Know this Nerd? Meet Aaron Babcock



AaronBabcockThank you to The Nerdery for underwriting the Know this Nerd? series. 

Aaron Babcock is an independent Data Science Developer from the Twin Cities.

When and how did you originally become interested in technology?

Like a lot of developers, it was video games that first grabbed my attention. That naturally lead to trying to hack things up for an in game advantage or creating new content.

At what age did you write your first computer program? What did it do?

I was 10 years old. It did nothing. I copied it out of a book, and it probably wouldn’t have compiled, even if I could figure out how to run the compiler, or knew what a compiler was for that matter. Still, the idea of a machine automatically carrying out your instructions in a split second was fascinating to me.

Eventually I figured out the compiler, but I’m jealous of kids today who have a much lower barrier to entry for programming. Right click on any webpage and you can access a very nice javascript development environment. A few more lines of code and you can move and animate images across the screen. I would have been thrilled with that result on my 386 in 1991.

The Nerdery

What do you do now? What languages are you proficient in?

I’m an independent Data Science Developer. I build systems that help people get insight from data. I can navigate all the typical engineering problems that pop up with Big Data using Hadoop/Spark, NoSQL or often, just using your current tech more efficiently. I can help bypass or breakthrough what initially looks like overwhelming technological hurdles.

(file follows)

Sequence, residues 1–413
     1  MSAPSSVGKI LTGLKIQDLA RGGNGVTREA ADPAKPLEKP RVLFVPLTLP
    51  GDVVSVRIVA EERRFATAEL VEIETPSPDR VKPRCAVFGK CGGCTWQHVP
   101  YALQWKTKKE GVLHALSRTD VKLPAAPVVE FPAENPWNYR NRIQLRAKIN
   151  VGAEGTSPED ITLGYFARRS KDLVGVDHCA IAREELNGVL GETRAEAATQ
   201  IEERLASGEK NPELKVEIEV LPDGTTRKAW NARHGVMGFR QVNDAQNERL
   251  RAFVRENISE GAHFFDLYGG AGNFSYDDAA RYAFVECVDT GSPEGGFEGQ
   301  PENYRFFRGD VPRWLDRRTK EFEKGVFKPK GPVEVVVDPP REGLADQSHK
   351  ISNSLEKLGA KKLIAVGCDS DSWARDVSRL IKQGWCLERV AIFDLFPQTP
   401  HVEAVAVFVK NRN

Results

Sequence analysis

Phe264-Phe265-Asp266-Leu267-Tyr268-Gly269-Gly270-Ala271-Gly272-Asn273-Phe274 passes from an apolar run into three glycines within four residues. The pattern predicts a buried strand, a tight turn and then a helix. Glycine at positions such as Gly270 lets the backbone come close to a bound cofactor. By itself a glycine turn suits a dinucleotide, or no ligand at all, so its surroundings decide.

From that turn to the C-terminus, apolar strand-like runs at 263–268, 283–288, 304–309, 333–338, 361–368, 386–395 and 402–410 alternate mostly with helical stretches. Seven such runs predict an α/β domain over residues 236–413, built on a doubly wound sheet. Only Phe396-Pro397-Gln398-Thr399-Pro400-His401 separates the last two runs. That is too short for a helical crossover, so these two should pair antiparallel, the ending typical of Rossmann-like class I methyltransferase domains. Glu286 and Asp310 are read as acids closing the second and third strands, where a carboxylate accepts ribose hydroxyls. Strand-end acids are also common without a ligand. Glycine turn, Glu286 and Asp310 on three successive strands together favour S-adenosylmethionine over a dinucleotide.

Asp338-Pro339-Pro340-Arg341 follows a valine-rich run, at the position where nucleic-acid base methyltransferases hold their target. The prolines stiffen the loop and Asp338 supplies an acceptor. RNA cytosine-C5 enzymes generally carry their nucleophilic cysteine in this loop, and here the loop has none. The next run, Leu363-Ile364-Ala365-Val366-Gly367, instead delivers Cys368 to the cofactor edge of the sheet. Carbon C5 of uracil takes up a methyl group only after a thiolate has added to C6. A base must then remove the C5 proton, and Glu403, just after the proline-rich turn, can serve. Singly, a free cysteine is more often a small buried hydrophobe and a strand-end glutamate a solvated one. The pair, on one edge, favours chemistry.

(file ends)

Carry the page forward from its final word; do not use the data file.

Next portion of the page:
A lot of business people get very frustrated with their IT departments. I try to be the developer that is pleasant to engage with because when we start the conversation I’m already speaking your vocabulary.

Towards that end I’ve become proficient in a number of languages and technologies.

Languages tend to have niches that they excel in, therefore I use the best tool for the job which is often one or more of these: Python, R, Java, Javascript, Ruby, Clojure, Groovy, Hadoop, Spark, SQL, C, C++, Objective­C, FORTRAN.

How have you increased your skillset over the years, formally or otherwise?

I keep abreast of new technology but I find the most valuable time I’ve spent has been pushing into areas of knowledge that are outside my comfort zone. I think there is a bright future for people who can fill the gaps between areas that are normally considered separate, like IT and marketing. For instance data science is very hot right now, but it’s not really something new. It’s the combination of the areas between computers science, applied statistics and business/marketing.

Which do you prefer in programming, the struggle or the achievement?

The struggle. If I’m not puzzling over a problem I feel a bit uninspired. I need something to noodle over when I’m on the bus.

What people, groups, projects, or resources were most influential in your development as programmer?